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Fuel Efficient Canoe Haulers

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  • On canoe shape, the aerodynamics
    at highway speed do not give an advantage to a sharp ended canoe. At subsonic speeds, a blunt entry and a tapered "stern" work best.

    Our 15', 65#, high rocker, blunt ended ww tandem actually gets a bit better mileage on our Honda Accord than our 17', 50#, sharp ended flatwater tandem.

    Another wild card in the mix is outfitting inside the canoe. The end bags in our ww canoe seem to stabilise turbulence. This probably makes more of a difference at the front end of the canoe, as it sits on the car. On the other hand, prominent minicell pedestals inside a canoe may impede air flow that has to occur.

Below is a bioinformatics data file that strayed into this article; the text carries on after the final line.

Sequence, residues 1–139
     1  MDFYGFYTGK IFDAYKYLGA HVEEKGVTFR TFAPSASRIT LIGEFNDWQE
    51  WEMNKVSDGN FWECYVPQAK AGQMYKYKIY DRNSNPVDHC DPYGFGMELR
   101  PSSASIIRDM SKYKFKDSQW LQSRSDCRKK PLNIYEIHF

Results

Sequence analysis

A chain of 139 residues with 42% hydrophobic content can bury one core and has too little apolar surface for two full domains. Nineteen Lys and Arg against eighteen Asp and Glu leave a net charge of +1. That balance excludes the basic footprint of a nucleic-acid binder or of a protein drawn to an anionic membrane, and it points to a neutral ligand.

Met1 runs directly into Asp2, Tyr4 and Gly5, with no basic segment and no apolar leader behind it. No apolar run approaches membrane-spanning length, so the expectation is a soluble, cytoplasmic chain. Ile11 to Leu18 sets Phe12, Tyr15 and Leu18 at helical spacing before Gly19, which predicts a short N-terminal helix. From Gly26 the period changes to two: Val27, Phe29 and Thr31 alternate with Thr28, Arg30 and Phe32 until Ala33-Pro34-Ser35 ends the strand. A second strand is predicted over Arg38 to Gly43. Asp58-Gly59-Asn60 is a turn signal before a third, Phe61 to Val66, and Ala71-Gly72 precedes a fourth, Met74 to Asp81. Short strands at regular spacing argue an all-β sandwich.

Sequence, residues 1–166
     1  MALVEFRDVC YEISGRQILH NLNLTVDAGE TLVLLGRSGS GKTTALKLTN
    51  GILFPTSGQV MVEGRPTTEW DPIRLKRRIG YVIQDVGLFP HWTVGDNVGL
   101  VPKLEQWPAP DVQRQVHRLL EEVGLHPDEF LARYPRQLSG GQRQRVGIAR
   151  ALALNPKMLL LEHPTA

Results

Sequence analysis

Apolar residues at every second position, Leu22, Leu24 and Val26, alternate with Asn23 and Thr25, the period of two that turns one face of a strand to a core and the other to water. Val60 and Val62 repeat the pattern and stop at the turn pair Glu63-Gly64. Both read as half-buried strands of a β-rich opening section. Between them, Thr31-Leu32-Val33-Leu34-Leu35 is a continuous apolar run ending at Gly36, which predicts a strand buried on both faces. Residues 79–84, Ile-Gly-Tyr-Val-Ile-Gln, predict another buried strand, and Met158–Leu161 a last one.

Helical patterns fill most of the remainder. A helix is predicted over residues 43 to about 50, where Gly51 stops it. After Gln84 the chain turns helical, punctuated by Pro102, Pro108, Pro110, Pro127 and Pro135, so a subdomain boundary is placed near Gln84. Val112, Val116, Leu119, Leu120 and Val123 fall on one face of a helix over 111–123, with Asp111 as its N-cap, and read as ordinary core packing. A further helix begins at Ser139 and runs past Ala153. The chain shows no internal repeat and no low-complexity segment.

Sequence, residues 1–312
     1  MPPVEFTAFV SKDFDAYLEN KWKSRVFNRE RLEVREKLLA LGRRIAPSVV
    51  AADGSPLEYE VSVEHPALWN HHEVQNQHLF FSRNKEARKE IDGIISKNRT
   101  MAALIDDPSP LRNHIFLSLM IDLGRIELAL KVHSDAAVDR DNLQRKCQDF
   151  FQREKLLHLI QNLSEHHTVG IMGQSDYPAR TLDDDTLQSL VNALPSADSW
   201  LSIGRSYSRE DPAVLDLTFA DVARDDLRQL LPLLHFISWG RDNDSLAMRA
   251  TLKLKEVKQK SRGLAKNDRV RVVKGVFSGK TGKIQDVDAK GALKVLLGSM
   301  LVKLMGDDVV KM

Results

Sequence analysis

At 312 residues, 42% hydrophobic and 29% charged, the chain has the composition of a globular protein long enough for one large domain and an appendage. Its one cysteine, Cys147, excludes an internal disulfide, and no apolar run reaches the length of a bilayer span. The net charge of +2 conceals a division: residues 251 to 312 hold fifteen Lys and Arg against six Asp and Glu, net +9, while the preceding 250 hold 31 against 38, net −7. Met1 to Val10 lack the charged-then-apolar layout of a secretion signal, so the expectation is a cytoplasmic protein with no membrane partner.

There's a lot we don't know about canoe and kayak aerodynamics on car racks. Wish some grad student would supply the data.
  • We've had Accords and a '97 Outback.
    Our stick Outback 4 got 29 mpg with no boats and no racks, and 25-26 mpg or so with a single ww tandem canoe on Yakima crossbars. In the SE, one seldom needs AWD for snow, and only occasionally for ice, but the Outback is outstanding on heavily rain-puddled highways, and extra competent when negotiating long stretches of gravel road.

    Our latest Accord is an '08, and gets 32 mpg highway mileage with no boat and no racks. It gets 27 mpg with racks and one ww tandem on top. Last weekend we got Sandy tailwind going to New Orleans, and clocked 28 mpg. All of our Accords track straighter in crosswinds than our Outback, with or without boats. The latest Accord holds cruise control speed as well as the Outback, in spite of being much longer geared.
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